The law, called the Surplus Land Act, was a major hurdle in the city’s plan to pay back significant losses to the hospital’s operator, Molina Wu Network, by transferring ownership of the 8.7-acre property in East Long Beach.
City officials put Long Beach on the hook for millions of dollars in losses amassed by Community Hospital’s new operator. Now the bill is due.
A 2019 law has thrown into jeopardy a proposed plan for the city to hand over the now-closed hospital to its operator for a mental health and wellness campus.
The operator plans to operate Community as a mental wellness campus and is exploring the possibility of adding housing to the site.
As of Wednesday morning, the emergency department will no longer accept ambulance dispatches. The department will fully, permanently close one week later.
The move lets MWN—and the city—avoid paying tens of millions of dollars for seismic repairs at the property, a burden that prompted the previous operator, MemorialCare, to abandon the facility.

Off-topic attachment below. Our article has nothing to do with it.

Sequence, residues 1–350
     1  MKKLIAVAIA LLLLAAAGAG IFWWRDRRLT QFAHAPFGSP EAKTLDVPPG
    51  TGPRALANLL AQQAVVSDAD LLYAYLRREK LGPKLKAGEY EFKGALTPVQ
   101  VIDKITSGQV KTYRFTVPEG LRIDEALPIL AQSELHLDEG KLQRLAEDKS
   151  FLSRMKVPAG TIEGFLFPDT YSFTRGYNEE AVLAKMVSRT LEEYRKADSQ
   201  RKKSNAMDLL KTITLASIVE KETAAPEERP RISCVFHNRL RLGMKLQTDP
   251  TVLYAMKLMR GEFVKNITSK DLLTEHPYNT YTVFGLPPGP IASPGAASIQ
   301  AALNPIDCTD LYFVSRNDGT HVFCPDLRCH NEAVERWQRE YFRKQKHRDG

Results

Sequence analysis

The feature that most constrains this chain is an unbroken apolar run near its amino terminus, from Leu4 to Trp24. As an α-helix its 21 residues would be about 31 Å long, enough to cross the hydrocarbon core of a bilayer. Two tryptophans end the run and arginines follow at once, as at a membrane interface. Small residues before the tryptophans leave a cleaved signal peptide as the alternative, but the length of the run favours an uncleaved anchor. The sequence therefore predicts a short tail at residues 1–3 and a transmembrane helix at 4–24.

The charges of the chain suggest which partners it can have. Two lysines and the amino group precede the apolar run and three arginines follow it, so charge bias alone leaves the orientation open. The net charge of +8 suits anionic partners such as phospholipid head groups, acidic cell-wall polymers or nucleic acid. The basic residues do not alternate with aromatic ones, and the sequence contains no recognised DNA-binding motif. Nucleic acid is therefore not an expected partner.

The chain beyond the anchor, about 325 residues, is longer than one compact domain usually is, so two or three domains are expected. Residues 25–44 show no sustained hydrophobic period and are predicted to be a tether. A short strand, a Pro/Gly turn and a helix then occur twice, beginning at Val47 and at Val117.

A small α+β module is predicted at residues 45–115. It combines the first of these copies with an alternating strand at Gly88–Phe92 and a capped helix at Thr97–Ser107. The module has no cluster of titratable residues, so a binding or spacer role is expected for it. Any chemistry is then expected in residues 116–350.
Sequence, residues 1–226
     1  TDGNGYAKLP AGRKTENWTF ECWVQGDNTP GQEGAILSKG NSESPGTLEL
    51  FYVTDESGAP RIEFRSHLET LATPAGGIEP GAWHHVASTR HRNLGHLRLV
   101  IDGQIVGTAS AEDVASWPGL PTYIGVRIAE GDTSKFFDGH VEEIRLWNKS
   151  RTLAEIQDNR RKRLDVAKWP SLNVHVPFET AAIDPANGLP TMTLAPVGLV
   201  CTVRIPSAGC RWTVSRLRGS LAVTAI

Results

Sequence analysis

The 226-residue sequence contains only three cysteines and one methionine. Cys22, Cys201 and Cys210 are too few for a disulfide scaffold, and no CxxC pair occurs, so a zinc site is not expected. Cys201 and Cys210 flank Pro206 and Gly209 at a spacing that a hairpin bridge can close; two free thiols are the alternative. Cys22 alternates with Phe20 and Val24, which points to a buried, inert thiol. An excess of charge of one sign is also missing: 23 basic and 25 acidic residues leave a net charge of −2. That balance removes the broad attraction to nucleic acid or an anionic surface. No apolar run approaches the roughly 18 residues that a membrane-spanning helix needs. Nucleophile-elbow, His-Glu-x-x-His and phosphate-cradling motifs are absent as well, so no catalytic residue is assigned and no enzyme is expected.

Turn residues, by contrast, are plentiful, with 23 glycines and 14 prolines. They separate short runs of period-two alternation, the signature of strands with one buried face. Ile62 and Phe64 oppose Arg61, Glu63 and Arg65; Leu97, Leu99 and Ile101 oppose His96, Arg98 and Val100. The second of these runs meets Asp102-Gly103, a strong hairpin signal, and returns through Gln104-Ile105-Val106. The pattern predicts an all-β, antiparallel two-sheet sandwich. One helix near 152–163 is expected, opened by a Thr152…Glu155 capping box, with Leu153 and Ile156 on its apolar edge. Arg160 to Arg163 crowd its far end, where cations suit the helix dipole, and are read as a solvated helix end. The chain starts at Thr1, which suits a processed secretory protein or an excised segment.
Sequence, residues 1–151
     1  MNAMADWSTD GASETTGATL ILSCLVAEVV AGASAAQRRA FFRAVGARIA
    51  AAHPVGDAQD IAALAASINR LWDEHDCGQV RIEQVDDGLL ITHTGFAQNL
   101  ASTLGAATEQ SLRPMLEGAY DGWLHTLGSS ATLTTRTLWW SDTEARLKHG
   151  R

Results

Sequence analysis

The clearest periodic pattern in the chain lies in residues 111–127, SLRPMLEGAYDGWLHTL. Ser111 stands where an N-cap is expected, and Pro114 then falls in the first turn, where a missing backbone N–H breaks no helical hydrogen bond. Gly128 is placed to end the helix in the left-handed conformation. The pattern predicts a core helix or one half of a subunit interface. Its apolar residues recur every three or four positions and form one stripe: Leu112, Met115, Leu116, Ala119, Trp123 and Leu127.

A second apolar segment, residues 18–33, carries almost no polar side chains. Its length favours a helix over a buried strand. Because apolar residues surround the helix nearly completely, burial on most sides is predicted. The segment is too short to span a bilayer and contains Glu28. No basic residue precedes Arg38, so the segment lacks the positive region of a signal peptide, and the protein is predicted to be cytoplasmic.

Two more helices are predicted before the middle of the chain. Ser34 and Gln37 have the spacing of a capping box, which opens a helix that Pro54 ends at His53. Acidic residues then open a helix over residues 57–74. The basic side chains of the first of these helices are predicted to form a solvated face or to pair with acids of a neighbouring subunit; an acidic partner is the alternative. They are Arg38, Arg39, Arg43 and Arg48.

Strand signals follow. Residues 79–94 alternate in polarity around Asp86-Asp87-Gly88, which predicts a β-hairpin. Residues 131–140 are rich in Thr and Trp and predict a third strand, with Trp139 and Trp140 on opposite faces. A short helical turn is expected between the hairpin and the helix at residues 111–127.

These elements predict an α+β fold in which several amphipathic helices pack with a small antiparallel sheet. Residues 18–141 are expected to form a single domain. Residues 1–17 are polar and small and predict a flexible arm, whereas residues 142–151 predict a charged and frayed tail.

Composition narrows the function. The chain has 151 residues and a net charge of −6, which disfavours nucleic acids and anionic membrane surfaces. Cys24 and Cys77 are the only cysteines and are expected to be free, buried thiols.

After years of work, challenges and delays, city and hospital leaders celebrated the grand reopening of Community Hospital Long Beach Thursday with a ribbon cutting ceremony in front of the nearly century-old facility.
An ambulance delivered at least one patient to Community Hospital Monday for the first time in nearly three years, the hospital operator confirmed.
After nearly three years, the Community Hospital Long Beach emergency department is now open, marking a crucial turning point for the facility, operator Molina, Wu, Network announced Wednesday.
The first patient was transferred from College Medical Center on Tuesday afternoon. Additional patients are expected to arrive in the coming days and weeks, though agreements with some facilities still need to be ironed out, officials said.